“I suppose.” She was silent for a while. “But your family – they say they aren’t religious, really. But still – it’s always there, being Jewish – a sort of constant beauty in the background.”

Modern Screen, November 1956

She and Arthur officially married in a courtroom as she and Joe did, in White Plains, NY, on the evening of June 29th, 1956. Up until then, she had been studying with Rabbi Goldberg during her journey to Judaism. Since she had an upcoming trip to London, England, where she was to film The Prince and the Showgirl (1957), the process moved quicker than anticipated.

On the morning of their wedding day, July 1st, Arthur assured Marilyn she did not have to go through with the conversion if she didn’t want to. He reminded her they were legally married and anything more wasn’t necessary, but Marilyn insisted. Like she explained above, there was a desperate feeling of belonging, stability, and something to connect her, Arthur, and their future children – security and comfort.

Her mentor’s daughter, Susan Strasberg, recalled Marilyn saying:

I believe in everything a little, and if I have kids, I think they should be Jewish. I can identify with the Jews. Everybody’s always out to get them, no matter what they do, like me.

The viral TikTok accuses thoughtlessness in regards to Marilyn’s conversion, yet Marilyn herself continued to practice her Christian religion not only after the Miller divorce but during the marriage as well. She continued celebrating Christmas and even, according to her sister’s book, My Sister Marilyn: A Memoir of Marilyn Monroe made pork! 

In November 1962, Louella Parsons published the following:

Marilyn on taking the Jewish faith: “It is the faith of someone I love very much. If it has made such a fine person of him, it will make him happy if I believe as he does. But I’ll always love Christmas in my heart.”

As it may be evident, Marilyn’s association with religion often came from others and, if it isn’t already evident, she struggled with that. For someone who rarely felt she belonged anywhere, or had the care or guidance of a parental figure, or a higher power, religion was almost absent from her life when not under the influence or suggestion of another. Of course, this isn’t a criticism of how Marilyn chose to practice her religion; after all, that’s what it was. Her choice. However, the burden certainly isn’t on her fans. Or Joe DiMaggio, another named accuser in the TikTok video.


Marilyn’s funeral was non-denominational, which means it was non-religious. The funeral was planned and headed by Joe DiMaggio; the two had reconnected not long after her divorce to Arthur Miller and they remained the very best of friends. The two celebrated Christmas together just eight months before her death, so any accusation that Joe was “insensitive” or “abusive” for not having the funeral to be of a Jewish tradition is unfair. Did Joe know? Did Marilyn care?

Marilyn’s sister Berniece and business manager Inez Melson were very close to Joe during the process following Marilyn’s death. Inez said ”I knew Marilyn didn’t want a memorial service.” Inez selected the guest list, saying she wanted no one from the film industry.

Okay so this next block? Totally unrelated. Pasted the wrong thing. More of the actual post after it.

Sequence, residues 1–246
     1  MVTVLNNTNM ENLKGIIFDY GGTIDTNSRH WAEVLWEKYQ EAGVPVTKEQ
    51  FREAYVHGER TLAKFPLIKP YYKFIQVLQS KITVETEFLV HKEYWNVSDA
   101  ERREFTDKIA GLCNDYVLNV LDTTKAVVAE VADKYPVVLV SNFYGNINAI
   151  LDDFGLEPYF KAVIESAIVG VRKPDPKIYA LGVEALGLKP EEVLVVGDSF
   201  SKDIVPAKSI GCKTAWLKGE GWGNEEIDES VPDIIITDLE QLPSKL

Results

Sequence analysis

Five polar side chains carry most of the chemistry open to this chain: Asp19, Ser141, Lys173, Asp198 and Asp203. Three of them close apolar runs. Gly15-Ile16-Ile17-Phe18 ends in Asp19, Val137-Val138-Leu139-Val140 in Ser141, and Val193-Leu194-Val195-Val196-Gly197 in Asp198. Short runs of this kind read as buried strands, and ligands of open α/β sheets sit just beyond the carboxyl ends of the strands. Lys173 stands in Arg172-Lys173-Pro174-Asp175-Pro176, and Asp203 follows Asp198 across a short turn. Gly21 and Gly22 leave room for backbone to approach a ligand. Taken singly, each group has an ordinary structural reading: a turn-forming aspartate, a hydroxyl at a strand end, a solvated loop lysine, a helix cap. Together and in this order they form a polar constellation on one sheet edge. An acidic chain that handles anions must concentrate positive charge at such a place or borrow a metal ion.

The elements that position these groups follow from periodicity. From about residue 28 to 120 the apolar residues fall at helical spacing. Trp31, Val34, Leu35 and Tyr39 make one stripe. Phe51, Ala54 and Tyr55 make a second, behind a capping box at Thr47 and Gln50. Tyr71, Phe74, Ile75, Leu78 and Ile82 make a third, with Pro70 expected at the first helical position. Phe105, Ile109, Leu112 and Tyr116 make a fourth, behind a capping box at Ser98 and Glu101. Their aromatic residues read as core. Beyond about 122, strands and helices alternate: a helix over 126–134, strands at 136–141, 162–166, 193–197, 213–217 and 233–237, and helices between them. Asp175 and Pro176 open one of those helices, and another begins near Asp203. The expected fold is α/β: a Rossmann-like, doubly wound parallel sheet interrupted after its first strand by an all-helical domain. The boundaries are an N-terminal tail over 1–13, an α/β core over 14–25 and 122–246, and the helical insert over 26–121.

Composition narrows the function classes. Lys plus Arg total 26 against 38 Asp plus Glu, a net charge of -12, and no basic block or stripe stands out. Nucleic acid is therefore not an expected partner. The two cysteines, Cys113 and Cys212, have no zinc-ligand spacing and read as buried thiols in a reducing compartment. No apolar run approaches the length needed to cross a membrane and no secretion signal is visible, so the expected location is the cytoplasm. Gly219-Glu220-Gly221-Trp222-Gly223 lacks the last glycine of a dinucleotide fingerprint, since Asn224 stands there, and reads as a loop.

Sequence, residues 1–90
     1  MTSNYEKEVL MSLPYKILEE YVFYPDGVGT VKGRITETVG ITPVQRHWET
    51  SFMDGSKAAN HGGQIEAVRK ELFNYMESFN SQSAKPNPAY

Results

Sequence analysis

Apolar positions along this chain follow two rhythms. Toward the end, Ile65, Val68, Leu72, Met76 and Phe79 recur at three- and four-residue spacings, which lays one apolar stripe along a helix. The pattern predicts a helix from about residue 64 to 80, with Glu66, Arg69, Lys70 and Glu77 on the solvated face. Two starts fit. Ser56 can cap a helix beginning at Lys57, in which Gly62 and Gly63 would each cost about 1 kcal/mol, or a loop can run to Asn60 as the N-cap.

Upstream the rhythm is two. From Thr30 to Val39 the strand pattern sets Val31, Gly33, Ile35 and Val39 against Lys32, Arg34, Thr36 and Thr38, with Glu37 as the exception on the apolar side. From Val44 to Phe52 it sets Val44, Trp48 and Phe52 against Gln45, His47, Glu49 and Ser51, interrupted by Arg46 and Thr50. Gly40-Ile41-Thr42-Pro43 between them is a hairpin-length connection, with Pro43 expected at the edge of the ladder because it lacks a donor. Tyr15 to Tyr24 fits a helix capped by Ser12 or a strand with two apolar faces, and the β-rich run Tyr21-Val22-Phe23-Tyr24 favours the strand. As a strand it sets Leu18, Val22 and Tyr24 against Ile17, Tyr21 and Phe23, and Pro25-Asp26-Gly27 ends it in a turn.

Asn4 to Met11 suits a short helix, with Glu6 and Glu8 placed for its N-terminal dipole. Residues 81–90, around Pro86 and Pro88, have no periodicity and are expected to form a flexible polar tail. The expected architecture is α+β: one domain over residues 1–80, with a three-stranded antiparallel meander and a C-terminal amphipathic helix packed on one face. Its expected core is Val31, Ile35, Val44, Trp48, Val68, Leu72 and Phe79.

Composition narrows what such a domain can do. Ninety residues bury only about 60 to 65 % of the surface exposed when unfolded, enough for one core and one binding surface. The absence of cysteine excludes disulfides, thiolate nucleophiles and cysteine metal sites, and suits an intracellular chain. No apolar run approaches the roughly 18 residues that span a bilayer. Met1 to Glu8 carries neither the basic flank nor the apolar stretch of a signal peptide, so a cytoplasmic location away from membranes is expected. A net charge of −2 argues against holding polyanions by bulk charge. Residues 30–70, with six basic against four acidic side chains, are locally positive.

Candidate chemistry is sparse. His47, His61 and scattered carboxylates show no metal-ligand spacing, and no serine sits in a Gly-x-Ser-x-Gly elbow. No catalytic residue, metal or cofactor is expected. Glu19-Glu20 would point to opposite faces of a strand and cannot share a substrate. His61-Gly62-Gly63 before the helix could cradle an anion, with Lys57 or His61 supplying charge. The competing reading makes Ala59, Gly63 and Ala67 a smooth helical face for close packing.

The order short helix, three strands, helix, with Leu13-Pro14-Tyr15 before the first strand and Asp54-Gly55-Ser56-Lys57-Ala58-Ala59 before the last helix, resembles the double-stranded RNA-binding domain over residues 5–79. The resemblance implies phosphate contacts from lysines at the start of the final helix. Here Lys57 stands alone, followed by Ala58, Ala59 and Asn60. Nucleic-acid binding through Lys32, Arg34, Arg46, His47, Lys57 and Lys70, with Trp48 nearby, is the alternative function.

Berniece knew Marilyn’s religious background – from childhood into adulthood – she was still in contact with her mother and those from their past, is Berniece going to be unfairly mislabeled as well? Joe and Inez’s actions were in no way decided by him without any thought or consideration from others.

With Marilyn’s own lack of request, a non-denominational actually seems quite fitting and, in my opinion, respectful. Now, the private service was located inside of a church, but how different is that from Marilyn celebrating Christmas in ’61? Or even during her marriage when she supposedly was following the Jewish faith. After her divorce from Arthur, there is little evidence to suggest she continued to do so. Some have claimed she tried to convert back to Christian Science but was denied. I haven’t found definitive evidence of that.

These unanswerable questions should give no merit to anyone sixty years later to call us fans enablers to that kind of “abusive” and “insensitive” behaviour. After all, isn’t it just as harmful to make unfounded claims with a lack of research?

It seems that viral content – whether it be a TikTok video, a post on Instagram, even a new article or segment on television – always stems from some sort of inaccuracy. In my (very happily) decade long experience in the Marilyn community, I’ve come across this far too many times. This is what I’ve concluded: it is much easier to spin a web of lies and conspiracies than it is to write about and advocate for the truth. Why? Because Marilyn lived a hundred years in her thirty-six here with us. The woman who died young lived a long, long, beautiful life filled with so much and the research of that is tedious, it’s not easy. Ten years in the making and I’m still learning and discovering new pieces of her life, and I love every minute of it. So, to sit and watch Marilyn constantly be the basis of a conspiracy punching bag to meet the criteria for some kind of agenda is exhaustive, and quite frankly, at this point, boring. Her life was anything but, so let’s not diminish what was by creating what wasn’t.

Marilyn requested Somewhere Over the Rainbow to be performed at her funeral, a place I think she knew she would be. If someone were to tell her in 1962 that if she suddenly passed away, millions of people would still miss her sixty years later, I imagine she would not believe it. So, in whatever way we would like, I think if we said a small prayer for her, and she knew how many of us visited her with love, bringing gifts, and our hearts, tears would softly fall from her baby blue eyes.

And with that, here’s a quote from Gladys Baker, who wrote to a mutual friend, Inez Melson, not long after Marilyn’s death:

“My Dear Friend Mrs. Melson; I am very grateful for your kind and gracious help toward Berniece and myself and to dear Norma Jeane. She is at peace and at rest now and may our God bless her and help her always. I wish you to know that I gave her (Norma) Christian Science treatments for approximately a year; wanted her to be happy and joyous.”